Practising Writing Skills Without Writing
Updated: Apr 30, 2020
Since qualifying as an occupational therapist I have run numerous motor skills groups - all focusing on improving fine motor control, specifically handwriting! What I recognised very early on is that children learn better when this learning is combined with rhythm and music. Through combining music with drawing I found the perfect combo to supporting (often reluctant) children who struggled to write to engage, learn to love it and have fun - the key... we never did any writing:-) My inspiration for this technique came from Write Dance who do just that - they encourage children to dance whilst practising pre-writing shapes - this is an excellent method and combines the much needed gross motor skills development with the muscle memory for basic shapes to inform letter formation: http://writedancetraining.com/about-write-dance/
In the absence of being trained by Write Dance - I took some of the shapes and came up with my own - something that is really easy for you all to do at home.
What are pre-writing shapes?
I came upon a fantastic and really informative post on Facebook outlining pre-writing shapes perfectly and also - perhaps more interesting and reassuring to the parents who commented - detailed the ages at which such shapes were expected. It perhaps is not surprising that many of the more complex shapes do not develop until much later which really does support what I said in my previous post (Practise Doesn't Always Make Perfect!)...the British system is not conducive to child development in the expectations held for children aged 3-5. Two parents commented that they were worried that their sons were showing no interest in wanting to write... my answer - they don't need to, encourage them to draw everywhere, in everything and any time!
Some pre-writing patterns...
Here is a link to another fantastic blog about supporting hand writers:
Let your child experiment with drawing in sand, flour, paint in water, in rice, on the window and tables with washable marker, with chalk on the pavement, in shaving foam, clay and in the air. Play games with your child - challenge them to draw an animal through only using two shapes, get them to challenge you in return.
Above all... have fun, get messy and enjoy!
Ideas that have worked for me
This technique I have used successfully with very little ones and older ones and you can grade the challenge depending on the age and ability of your child. Below you will find three pictures which are scenes that I have drawn with children using rhythm and song to inform muscle memory. I have then increased the challenge to see if they can find letters within the scene - or even words. It is a lovely activity that you can do with any aged child and I have seen some wonderful results! One very little one, was humming along to 'zoom zoom zoom we're going to the moon', and although was not able to complete the shape independently could be felt anticipating the movement and she smiled when we got to 'blast off'. Another example was a 5 year old boy with autism who really struggled to form letters, but who was able to complete the shapes independently whilst singing along to songs - it also supported his motivation to engage e.g. Nelly the Elephant - he was able to complete the shape to the rhythm of the song which meant that he had associated the movement - muscle memory - with the song.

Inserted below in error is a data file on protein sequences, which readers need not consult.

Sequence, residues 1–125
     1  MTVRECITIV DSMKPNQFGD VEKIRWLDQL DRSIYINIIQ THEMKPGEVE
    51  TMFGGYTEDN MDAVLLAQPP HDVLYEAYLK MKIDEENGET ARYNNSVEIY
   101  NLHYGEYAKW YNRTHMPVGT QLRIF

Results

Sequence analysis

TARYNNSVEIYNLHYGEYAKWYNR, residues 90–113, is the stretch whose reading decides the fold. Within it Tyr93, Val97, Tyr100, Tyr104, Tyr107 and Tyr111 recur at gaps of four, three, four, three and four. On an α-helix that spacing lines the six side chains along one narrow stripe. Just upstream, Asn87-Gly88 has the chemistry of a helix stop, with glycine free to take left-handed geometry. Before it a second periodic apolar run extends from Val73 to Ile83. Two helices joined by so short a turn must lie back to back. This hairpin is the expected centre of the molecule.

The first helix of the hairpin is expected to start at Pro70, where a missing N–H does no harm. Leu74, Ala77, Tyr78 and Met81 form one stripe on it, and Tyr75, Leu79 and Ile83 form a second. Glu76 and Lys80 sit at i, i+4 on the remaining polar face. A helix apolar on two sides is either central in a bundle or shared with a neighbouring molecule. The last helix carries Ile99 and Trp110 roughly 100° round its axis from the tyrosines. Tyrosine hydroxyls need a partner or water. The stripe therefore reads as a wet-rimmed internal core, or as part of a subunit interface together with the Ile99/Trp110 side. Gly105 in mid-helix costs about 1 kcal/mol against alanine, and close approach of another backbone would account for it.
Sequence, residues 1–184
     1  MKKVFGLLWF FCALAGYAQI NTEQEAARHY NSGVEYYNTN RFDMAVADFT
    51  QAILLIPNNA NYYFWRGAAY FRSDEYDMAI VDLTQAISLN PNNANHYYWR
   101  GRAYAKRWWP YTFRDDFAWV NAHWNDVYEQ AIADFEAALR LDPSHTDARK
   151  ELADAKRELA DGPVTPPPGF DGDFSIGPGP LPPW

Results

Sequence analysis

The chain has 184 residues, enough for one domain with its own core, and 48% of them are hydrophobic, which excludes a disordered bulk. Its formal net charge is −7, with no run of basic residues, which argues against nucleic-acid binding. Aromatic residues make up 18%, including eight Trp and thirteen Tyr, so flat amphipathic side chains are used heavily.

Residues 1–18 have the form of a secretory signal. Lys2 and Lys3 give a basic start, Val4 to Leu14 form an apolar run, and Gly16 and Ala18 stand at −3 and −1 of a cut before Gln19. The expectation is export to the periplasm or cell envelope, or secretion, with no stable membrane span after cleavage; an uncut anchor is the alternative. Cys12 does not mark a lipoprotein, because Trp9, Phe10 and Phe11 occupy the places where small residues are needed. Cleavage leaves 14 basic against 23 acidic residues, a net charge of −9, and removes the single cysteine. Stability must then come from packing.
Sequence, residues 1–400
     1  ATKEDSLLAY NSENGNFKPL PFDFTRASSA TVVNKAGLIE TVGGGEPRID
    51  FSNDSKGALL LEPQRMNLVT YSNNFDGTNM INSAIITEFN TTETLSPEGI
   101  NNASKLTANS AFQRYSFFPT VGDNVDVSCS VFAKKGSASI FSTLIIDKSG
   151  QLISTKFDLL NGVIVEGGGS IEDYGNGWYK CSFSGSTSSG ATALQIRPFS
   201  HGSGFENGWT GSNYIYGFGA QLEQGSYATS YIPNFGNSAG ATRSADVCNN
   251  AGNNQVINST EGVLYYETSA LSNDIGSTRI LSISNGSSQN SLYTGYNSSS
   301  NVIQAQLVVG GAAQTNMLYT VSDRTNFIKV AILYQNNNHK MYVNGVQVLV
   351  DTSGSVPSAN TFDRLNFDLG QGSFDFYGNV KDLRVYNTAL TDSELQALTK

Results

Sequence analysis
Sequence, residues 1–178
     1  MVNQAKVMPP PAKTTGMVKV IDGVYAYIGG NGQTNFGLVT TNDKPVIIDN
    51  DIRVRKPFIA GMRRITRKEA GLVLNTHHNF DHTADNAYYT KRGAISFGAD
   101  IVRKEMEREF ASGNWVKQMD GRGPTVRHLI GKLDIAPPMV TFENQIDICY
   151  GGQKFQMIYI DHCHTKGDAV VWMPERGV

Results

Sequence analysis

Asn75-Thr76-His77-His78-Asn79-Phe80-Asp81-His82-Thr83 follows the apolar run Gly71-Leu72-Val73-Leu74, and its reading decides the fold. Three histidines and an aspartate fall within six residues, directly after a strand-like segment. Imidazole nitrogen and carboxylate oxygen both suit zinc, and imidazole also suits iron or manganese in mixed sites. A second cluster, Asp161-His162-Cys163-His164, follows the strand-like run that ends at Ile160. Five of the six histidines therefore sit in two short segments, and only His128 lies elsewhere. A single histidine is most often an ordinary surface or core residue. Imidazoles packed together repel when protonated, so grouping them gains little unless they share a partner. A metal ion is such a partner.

Don't forget to check out the videos for this section here!
Here you can see I've formed a jungle scene with pre-writing shapes and patterns and added rhythmic quotes or songs - here I've formed the elephant by singing 'Nelly the Elephant':
"Nelly the Elephant packed her trunk and said goodbye to the circus" - head, ears, trunk, eyes and mouth
"Off she went with a trumpety trumpety, trump trump trump" - body, tail and legs.
I then extended the activity to challenge whether or not they could find the letters to the word 'jungle' in the picture. This encourages letter formation without the pressure of forming letters in isolation and turns it into a challenge or game.
Here you can see I've done the same, but with another theme and I've challenged to find two words and letters in the picture. "My Bonnie Lies Over the Ocean" is a lovely rhythmical song which supports muscle memory in forming of these two pre-writing patterns.
Here I have combined a number of activities (this is for demonstration purposes only!) such as composite drawing (combining of simple shapes to form complex shapes), following a straight line, a moon scene and perhaps my most favourite activity for little ones - mark making to 'zoom zoom zoom' - you can really make this as simple as you want, and it can work to any favourite song of your little one or big one - you could challenge your big child to draw shapes/ patterns to their favourite song completing circles, dashes, lines or drawings to the beat of the music.
Get creative at this time with writing practise and you'll be surprised what can be achieved when you take the 'writing' out of writing!
Tune in next time for some ideas around mixing up movements and writing in some different and fun new positions.